In Benny’s Video, Haneke explores the motivations behind the actions of a seemingly normal and well-off teenager, Benny (Arno Frisch), who kills another teenager while his parents (Ulrich Mühe and Angela Winkler) are away for a weekend. Benny records the act and edits it into a matter-of-fact depiction for his parents–leaving his stunned father to deal with the consequences while his mother spirits him off to an Egyptian vacation in order to establish plausible deniability.

Through Benny’s smiling, enigmatic indifference, Haneke teases out elements of Benny’s life that may point to his possible motivations–but deliberately without coming to a final resolution. Death metal music and violence-ridden films are placed on an even keel as going to McDonald’s or discotheques, challenging the moral and value judgments placed on individual explanations for violent, norm-breaking behavior. Much like The Seventh Continent before it, Haneke directly interrogates our own drive to rationalize the horrific, and by doing so compartmentalizing and distancing ourselves from the repulsive and unexplainable.

71 Fragments of a Chronology of Chance is the ambitious outlier in this set, substituting the contained anxiety of Haneke’s two previous films in favor of a disconnected sense of fear and dread on a global and temporal scale. Weaving multiple storylines into a telegraphed climactic mass murder-suicide at a Viennese bank, Haneke’s fascination with giving root to violent behavior is tempered by the cruel whims of fate and chance. His critical eye turns to individual attempts to make a difference in the world–questioning whether such aims are either self-indulgent or futile in the wake of life’s randomness.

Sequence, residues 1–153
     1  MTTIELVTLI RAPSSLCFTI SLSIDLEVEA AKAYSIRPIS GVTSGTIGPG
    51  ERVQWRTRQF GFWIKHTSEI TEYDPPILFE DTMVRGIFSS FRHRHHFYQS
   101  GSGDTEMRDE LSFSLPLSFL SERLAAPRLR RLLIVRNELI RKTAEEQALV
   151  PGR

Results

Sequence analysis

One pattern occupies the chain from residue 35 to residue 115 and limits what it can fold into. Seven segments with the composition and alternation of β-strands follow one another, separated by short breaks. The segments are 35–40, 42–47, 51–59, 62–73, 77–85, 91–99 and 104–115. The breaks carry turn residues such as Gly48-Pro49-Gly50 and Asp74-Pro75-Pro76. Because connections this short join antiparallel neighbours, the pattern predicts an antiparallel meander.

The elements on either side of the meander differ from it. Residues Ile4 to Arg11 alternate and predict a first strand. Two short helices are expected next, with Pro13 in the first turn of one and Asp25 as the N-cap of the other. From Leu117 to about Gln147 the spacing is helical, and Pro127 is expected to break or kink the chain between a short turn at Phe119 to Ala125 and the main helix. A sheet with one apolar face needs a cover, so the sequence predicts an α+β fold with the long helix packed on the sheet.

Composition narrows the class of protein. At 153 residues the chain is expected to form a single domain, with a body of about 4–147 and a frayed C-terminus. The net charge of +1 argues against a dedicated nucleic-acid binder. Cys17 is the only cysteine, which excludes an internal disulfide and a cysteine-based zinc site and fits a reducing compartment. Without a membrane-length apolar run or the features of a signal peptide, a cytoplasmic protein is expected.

Is a well-off couple adopting a refugee child to give him a better life, or is it so they can feel a smug responsibility for doing so? Is the self-seriousness we take in our goals–from perfecting our ping-pong backhand, to solving games of chance, to rebuilding relationships with others–enough to distract us from larger societal ills? In a world where nothing seems to matter and violence seems both random and inevitable, do we surrender to the bloody ends telegraphed for us, or is it newsworthy to try to change things? As you can predict–there’s no satisfying resolution to be had. But the fire the film stokes from its provocative apathy is palpable.

For all of the frustration and bleakness of Haneke’s films, that fire may be why I treasure Haneke’s filmography as much as I do. Haneke recognizes there’s no effort or lasting power to be earned in how a filmmaker resolves the tension of their work. What’s more, some inner tensions may be unable to come to such a resolution in the first place. Haneke’s films goad us into reckoning with that fear, that unknowability–and champion our individual ability to divine such resolution on our own…if we can.


Criterion presents The Seventh Continent, Benny’s Video, and 71 Fragments in their original 1.66:1 aspect ratio in 1080p HD transfers. The Seventh Continent’s transfer was sourced from a 35mm interpositive, while Benny’s Video and 71 Fragments were sourced from the original 35mm negatives. The monaural soundtracks for each film were sourced from their original 35mm magnetic tracks. All masters were created in 2019, with color grading supervised by Haneke. Each film is presented with English subtitles for the film, which subtitles all languages spoken save where deliberately obfuscated as part of the filmmakers’ intentions. Special Features are subtitled in English where any other language is spoken.